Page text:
'In addition, the typographical production is first-rate and a credit to the Littman Library, which is rescuing-for scholars working over a wide spectrum-works comprised within the great spiritual and cultural heritage of medieval Judaism, making them available by the hands of specialist in the relevant fields with due attention to their aesthetic presentation. Into the exhaustive introduction Loewe has distilled years of lovingly accurate scholarship not limited to the text itself, but envisaging also its social, political, and cultural context in thirteenth-century Spain. The result is an excellent monograph that sets the Meshal haqadmoni not only against its cultural and political background, but likewise within biblical and rabbinic tradition, whilst also resurrecting the genre of literary expression of its medieval presentation.'
Rafael Vicent, Salesianum
 'Richly illustrated, luxuriously produced ... his most important publication so far ... The volumes are endlessly entertaining and learned, and form an essential part of any Jewish library.'
Jeremy Schonfield, Sephardi Bulletin

Author Information

Raphael Loewe was formerly Goldsmid Professor of Hebrew at University College London, having previously taught at the University of Leeds and held a research fellowship at Gonville and Caius College, Cambridge and a visiting professorship at Brown University in Providence, Rhode Island. His publications concern various aspects of Judaism in late antiquity and the Middle Ages, and include much translation. His English translations of a substantial number of liturgical poems for the Passover season are contained in his Rylands Haggadah (1988), and others—among them the Royal Crown—in his Ibn Gabirol (1989). His translation of FitzGerald’s Omar Khayyám into medieval Hebrew verse was published in 1982. He is also a contributing author of the companion volumes to the facsimile editions of the Barcelona Haggadah (1992), the Rothschild Haggadah (2000), the Parma Psalter (1996), and the North French Miscellany (2002). Many other translations remain unpublished, being privately circulated among friends.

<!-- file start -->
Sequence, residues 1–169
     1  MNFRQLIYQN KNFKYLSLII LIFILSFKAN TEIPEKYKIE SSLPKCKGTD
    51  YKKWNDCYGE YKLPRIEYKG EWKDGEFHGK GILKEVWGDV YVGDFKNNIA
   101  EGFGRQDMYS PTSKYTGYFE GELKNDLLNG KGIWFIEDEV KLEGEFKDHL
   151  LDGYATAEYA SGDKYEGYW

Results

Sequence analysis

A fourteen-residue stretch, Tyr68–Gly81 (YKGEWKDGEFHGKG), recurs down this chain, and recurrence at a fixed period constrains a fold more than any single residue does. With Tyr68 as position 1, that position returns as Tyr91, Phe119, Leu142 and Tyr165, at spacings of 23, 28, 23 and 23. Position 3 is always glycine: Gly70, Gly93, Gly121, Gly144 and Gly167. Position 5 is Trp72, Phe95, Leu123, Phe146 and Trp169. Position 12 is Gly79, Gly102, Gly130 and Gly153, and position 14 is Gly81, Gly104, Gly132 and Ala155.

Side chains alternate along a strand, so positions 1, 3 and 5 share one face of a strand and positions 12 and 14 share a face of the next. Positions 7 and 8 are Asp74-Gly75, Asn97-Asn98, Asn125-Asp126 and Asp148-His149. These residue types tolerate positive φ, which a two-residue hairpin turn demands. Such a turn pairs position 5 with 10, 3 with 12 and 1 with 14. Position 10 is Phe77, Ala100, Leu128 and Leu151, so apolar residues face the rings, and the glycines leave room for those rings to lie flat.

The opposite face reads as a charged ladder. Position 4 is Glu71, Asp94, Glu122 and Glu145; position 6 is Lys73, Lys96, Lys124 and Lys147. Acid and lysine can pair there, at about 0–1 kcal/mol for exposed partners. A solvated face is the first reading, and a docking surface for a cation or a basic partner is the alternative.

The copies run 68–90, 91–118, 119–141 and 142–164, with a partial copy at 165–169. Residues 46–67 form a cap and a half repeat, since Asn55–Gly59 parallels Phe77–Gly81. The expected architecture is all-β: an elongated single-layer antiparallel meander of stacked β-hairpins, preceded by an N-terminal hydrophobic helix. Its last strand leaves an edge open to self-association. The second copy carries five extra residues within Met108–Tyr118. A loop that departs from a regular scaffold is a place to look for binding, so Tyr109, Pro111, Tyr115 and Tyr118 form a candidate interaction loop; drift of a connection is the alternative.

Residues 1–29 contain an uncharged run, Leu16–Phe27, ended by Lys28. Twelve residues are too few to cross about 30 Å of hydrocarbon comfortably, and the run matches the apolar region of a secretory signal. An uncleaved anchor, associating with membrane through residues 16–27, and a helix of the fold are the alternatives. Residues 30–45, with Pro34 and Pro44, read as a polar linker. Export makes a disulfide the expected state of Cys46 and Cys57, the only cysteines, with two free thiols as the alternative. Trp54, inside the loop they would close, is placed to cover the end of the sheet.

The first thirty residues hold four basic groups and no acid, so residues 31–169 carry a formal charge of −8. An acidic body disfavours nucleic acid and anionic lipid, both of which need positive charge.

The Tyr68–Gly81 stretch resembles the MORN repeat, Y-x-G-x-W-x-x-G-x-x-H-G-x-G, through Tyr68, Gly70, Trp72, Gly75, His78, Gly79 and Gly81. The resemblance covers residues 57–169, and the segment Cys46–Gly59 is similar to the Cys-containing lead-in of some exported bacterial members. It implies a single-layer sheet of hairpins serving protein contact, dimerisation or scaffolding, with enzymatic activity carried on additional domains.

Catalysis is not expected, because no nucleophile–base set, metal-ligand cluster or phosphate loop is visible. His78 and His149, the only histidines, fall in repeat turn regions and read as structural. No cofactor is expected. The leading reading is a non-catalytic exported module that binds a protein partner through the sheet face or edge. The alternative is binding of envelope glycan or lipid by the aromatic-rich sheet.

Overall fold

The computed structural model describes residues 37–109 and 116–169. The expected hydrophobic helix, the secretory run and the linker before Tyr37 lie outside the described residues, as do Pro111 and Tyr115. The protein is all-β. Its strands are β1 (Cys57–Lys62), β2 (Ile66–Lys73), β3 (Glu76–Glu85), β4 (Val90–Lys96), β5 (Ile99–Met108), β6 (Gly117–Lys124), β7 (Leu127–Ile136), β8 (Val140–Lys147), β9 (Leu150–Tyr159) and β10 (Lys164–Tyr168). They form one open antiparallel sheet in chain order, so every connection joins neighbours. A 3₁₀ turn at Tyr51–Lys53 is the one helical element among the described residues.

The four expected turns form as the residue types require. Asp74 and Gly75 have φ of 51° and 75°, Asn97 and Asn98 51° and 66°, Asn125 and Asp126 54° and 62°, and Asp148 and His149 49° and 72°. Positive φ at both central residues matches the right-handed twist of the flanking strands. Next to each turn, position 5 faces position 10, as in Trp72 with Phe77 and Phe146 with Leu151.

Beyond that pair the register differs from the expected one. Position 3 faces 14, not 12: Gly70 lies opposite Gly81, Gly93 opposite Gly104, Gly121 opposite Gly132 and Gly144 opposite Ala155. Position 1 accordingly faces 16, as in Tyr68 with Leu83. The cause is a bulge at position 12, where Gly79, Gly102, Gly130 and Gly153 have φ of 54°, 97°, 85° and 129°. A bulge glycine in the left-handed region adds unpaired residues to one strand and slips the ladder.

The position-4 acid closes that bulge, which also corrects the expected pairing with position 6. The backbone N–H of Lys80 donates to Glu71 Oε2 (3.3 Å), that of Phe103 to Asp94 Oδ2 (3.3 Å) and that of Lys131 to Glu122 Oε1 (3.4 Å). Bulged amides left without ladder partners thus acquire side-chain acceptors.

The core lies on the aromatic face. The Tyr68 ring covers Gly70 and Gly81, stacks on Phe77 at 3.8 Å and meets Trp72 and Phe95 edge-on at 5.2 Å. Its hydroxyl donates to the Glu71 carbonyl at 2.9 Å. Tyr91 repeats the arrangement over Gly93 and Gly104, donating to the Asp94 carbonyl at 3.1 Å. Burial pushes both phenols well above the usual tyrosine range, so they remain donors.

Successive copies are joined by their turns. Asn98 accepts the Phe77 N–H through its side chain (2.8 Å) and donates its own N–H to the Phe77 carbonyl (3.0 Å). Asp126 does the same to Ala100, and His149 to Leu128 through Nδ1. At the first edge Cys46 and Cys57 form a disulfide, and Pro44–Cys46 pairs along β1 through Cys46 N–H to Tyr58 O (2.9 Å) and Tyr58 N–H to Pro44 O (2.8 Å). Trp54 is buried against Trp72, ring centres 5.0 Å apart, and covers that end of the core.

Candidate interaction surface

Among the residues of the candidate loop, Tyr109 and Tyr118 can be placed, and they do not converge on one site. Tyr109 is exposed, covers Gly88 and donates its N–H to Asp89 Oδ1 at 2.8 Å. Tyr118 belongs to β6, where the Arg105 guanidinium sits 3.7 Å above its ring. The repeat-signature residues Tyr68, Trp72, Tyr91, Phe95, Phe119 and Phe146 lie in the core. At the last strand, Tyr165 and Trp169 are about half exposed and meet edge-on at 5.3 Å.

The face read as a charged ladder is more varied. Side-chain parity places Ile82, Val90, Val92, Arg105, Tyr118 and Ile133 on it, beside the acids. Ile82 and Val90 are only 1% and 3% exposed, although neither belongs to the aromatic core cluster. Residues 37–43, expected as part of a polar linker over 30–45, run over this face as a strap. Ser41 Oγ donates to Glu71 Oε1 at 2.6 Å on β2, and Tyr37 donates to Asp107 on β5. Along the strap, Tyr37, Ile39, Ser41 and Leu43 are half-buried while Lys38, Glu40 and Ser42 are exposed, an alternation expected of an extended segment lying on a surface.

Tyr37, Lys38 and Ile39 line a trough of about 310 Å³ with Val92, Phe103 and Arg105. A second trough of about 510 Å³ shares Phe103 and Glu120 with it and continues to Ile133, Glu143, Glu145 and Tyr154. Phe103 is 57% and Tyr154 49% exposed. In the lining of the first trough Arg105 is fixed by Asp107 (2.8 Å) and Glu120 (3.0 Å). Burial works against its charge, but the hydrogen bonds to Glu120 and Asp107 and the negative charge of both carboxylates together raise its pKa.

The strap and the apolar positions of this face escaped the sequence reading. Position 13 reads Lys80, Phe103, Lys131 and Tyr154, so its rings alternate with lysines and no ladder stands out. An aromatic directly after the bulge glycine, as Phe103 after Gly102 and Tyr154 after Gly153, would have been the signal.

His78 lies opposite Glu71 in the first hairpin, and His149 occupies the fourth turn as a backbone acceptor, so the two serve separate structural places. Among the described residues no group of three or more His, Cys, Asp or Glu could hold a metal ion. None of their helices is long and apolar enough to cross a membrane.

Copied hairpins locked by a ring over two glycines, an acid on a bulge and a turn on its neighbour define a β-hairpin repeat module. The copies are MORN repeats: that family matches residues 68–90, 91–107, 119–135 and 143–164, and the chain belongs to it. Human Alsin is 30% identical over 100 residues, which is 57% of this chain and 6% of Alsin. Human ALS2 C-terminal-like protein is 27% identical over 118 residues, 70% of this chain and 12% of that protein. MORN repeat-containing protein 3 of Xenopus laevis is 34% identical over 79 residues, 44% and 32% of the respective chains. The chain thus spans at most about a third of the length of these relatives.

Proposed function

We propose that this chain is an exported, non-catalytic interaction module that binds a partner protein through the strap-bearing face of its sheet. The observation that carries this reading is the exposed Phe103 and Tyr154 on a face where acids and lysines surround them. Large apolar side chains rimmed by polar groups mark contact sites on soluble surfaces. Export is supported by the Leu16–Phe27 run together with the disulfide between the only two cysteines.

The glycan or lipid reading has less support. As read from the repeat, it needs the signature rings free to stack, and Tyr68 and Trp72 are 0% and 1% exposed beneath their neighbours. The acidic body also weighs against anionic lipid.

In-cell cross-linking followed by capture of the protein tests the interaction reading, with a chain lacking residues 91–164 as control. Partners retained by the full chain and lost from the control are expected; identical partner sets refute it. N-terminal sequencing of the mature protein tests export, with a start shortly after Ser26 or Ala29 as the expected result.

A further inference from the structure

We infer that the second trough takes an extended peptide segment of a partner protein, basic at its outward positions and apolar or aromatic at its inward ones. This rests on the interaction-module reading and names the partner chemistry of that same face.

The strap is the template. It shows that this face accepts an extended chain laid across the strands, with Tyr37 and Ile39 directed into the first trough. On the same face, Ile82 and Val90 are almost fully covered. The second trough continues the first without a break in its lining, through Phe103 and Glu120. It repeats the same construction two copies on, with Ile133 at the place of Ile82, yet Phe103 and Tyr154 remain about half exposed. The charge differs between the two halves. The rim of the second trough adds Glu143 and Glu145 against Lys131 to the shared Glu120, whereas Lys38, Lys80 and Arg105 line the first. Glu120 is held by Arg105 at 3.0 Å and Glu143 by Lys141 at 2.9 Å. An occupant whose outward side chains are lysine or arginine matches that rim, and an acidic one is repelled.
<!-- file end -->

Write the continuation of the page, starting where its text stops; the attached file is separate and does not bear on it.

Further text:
Table of Contents

Table of Contents
Section TitlePagePrice
Meshal Haqadmoni: Fables from the Distant Past1
Half Title2
Title Page4
Publisher’s Note8
The Illustrations9
List of Abbreviations14
Preface to the First Part153
Part I: On Wisdom174
Part II: On Penitence286
Part III: On Sound Counsel462
Part IV: On Humility552
Part V: On Reverence686
Appendix 1: Astronomical Diagrams860
Appendix 2: Supplementary Notes to the Poem868
Appendix 3: Numbered Notes to the Illustrations900
Index of Citations924
Index of Key Hebrew Terms932
Index of Subjects935